Not on display
- Vito Acconci 1940 – 2017
- 3 works on paper, photographs, ink and printed papers
- Support: 851 x 1233 mm
support: 663 x 1295 mm
support: 772 x 1544 mm
- Presented by the Billstone Foundation 2009
Sonnabend Show Jan 72: Archives is a major work comprising documentation of three linked performance installations Acconci presented at the Sonnabend Gallery, New York in January 1972. The project consists of four parts, each of which is a multi-panel work comprising photographs, drawings and notes. Three of the four sections describe and illustrate the specific performances, titled Seedbed, Transference Zone and Supply Room respectively. An overview section describes the genesis of the three performances.
At the time of Acconci’s 1972 exhibition, the Sonnabend Gallery had three exhibition spaces: two main galleries and a smaller transition area next to the reception desk. When he began planning his exhibition, Acconci conceived of separate live actions to activate each of these spaces. Each performance was conducted at certain times during the run of the three-week show.
Of the performances, Seedbed is the most famous, and has become recognised as one of the most important live artworks of the 1970s. In an otherwise empty gallery a ramp was constructed over the floor extending from the centre of the gallery to the back wall. During the times the work was activated, on Wednesdays and Saturdays during the exhibition, Acconci positioned himself in the confined space under the ramp and repeatedly masturbated, using the sound of visitors walking above him to fuel his sexual fantasies. He spoke into a microphone and his onanistic monologue was conveyed to the visitors through speakers installed in the corners of the gallery. Acconci has described the performance: ‘My voice comes up from under the floor: “you’re pushing your cunt down on my mouth… you’re pressing your tits down on my cock… you’re ramming your cock down into my ass…” (Now and then, you can hear me come: I’ve done this for you, I’ve done this with you, I’ve done this to you…)’ (quoted in Gloria Moure, Vito Acconci: Writings, Works, Projects, Barcelona 2001, p.154).
Transference Zone was enacted in the other large gallery space. At one end of the gallery was a waiting area with chairs and rugs. The opposite corner of the space housed a small constructed room which the artist refers to as an ‘isolation chamber’. The chamber housed photographs of seven people who had an important place in the artist’s life, and possessions belonging to these ‘prime people’. When conducting the performance on Tuesdays and Fridays, Acconci locked himself inside the isolation chamber, immersing himself in the images and objects related to one of the ‘prime people’. If a viewer chose to knock on the door and the artist was alone, he would invite them in, responding to the visitor as if he or she were the ‘prime person’. Acconci has described his intention: ‘my hope is that, if I’ve convinced myself thoroughly enough, the viewer might start to respond the way the “prime person” would have responded – the viewer might fall into my history, “become” the prime person’ (ibid., p.156).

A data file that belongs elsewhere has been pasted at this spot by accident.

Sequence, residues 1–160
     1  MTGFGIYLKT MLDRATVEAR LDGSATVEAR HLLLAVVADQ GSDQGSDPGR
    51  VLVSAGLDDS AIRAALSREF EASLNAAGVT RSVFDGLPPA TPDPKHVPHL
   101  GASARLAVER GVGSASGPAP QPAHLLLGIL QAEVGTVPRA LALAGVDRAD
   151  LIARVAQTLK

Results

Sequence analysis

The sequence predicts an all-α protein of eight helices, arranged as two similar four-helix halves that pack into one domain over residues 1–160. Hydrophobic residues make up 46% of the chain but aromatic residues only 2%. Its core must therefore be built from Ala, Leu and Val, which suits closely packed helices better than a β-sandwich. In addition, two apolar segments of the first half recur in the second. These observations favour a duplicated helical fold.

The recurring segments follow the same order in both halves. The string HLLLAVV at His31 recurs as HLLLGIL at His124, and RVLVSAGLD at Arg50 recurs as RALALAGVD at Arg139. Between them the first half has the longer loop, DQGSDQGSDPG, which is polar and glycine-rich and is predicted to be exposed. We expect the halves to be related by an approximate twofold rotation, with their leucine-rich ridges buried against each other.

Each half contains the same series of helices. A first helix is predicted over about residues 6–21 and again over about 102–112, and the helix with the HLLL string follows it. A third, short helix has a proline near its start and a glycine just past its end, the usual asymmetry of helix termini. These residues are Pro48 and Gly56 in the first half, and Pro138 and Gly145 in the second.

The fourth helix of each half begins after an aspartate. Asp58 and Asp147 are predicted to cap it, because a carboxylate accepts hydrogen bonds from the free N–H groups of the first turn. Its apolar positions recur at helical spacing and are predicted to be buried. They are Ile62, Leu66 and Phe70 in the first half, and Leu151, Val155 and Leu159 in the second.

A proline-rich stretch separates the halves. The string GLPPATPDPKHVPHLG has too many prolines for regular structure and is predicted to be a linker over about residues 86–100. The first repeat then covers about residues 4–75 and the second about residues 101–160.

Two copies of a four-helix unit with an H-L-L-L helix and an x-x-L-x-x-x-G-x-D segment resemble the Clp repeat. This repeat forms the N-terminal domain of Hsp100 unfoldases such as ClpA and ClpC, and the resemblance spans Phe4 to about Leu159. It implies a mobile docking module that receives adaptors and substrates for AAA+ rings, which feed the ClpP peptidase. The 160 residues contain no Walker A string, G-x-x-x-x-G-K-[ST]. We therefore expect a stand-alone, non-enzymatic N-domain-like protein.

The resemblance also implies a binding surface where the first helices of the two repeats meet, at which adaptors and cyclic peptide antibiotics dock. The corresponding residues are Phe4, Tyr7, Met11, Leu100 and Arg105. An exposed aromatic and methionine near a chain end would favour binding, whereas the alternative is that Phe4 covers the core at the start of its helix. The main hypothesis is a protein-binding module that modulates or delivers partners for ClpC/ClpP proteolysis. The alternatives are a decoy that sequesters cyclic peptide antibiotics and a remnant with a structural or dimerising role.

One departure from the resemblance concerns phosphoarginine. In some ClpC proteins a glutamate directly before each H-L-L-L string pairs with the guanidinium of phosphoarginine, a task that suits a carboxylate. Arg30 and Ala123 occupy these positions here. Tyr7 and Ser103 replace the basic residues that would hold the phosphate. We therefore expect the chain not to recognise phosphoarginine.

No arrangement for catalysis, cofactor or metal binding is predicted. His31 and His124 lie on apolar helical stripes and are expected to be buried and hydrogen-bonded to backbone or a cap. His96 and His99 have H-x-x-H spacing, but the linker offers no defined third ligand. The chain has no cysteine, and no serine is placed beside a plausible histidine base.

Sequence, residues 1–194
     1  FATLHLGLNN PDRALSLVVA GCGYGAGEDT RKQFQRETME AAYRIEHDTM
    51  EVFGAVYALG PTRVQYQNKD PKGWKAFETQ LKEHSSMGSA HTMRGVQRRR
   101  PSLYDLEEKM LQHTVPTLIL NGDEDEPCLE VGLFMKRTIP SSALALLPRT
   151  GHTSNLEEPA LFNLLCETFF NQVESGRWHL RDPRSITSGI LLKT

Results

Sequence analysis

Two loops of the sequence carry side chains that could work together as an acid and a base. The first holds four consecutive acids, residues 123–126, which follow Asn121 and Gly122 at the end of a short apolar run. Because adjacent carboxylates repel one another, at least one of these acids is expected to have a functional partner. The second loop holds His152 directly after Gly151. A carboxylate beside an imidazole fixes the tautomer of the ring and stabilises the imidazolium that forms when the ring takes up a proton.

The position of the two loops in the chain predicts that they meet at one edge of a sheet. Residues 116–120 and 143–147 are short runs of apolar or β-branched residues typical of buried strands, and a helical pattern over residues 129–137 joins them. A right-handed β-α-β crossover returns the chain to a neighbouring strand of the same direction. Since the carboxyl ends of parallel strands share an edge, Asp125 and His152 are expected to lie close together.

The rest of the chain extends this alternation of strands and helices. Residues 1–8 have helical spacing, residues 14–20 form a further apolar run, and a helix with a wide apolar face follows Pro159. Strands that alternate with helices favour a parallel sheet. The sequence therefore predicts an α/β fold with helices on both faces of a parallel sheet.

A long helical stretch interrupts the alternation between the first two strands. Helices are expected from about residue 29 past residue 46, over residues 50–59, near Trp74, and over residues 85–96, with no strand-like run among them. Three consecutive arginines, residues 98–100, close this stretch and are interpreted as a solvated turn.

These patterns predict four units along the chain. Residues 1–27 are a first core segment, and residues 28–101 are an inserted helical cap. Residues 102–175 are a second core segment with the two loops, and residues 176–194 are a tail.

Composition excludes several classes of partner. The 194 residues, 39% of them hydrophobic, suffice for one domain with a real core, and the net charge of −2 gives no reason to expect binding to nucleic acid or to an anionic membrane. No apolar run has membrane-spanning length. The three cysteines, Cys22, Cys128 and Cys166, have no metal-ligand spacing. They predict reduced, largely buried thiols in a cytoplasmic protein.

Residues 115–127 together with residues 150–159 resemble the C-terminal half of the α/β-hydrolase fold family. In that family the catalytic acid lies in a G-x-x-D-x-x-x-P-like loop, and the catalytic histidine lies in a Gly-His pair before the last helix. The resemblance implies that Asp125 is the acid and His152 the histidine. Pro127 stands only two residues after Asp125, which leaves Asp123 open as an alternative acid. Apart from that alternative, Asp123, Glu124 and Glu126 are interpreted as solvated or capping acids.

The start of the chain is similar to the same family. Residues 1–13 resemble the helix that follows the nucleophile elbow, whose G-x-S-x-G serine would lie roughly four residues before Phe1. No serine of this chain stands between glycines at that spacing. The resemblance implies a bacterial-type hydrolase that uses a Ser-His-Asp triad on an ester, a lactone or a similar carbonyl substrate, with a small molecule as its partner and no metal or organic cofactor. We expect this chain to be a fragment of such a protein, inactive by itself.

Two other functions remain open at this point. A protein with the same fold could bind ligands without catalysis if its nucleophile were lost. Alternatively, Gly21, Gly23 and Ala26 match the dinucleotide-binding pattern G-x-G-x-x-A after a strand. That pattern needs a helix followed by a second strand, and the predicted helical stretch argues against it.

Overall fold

Supply Room took place on Thursdays and was performed by Acconci and his companion Kathy Dillon, who had previously collaborated with him on a number of other works, including Applications, 1970; Pryings, 1971 and Remote Control, 1971. One corner of the space was screened off by fine green netting hung floor to ceiling; the opposite corner housed drums, cushions, crumpled black netting, and a tape recorder. When the performance was activated Acconci stood behind the green netting, wearing a blindfold. Dillon sat behind the drums. Her voice was audible on a pre-recorded monologue played through the tape recorder, inviting women entering the space to kidnap Acconci and make him their prisoner.
Acconci conceived of the three performances as related parts of a whole. He has written:
Since the three spaces are part of one gallery, one space can’t help but be seen in relation to the other. In Room A (Seedbed), I’m under the floor, I’m part of the architecture of the room, whereas in Room C (Transference Zone), I’m inside a point, a booth, in the corner, whereas in Room B (Supply Room), I’m there only so that I won’t be there, only so that I can be taken away, only so that I can be kidnapped.
All the rooms are stopping-off places (I’m not here all the time, I come here only at certain times during the length of the gallery show). Room A is the present (Seedbed: I can have a relation now, I can’t even see you, there are no strings attached), whereas Room C is the past (Transference Zone: prime people in my life), whereas Room B is the future (Supply Room: Kathy’s life without me).
(Quoted in correspondence from David A. Ross, Albion Gallery, 21 July 2008.)
The Sonnabend exhibition represented a key moment in the articulation of Acconci’s practice, highlighting the importance of reciprocal interaction with the viewer. The physical manifestation of each of the performances reflected Acconci’s sustained interest in the interplay between the psychological and the social, expressed in structures that emphasise the overlapping boundaries of interior and exterior. These theoretical concerns have been crucially important in the development of art since the 1970s, and can be seen not only in Acconci’s own move towards architectural practice, but more broadly in the rise of relational art in the subsequent decades.
Kate Linker, Vito Acconci, New York 1994.
Gloria Moure, Vito Acconci: Writings, Works, Projects, Barcelona 2001.
Frazer Ward, Mark C. Taylor and Jennifer Bloomer, Vito Acconci, London 2002.
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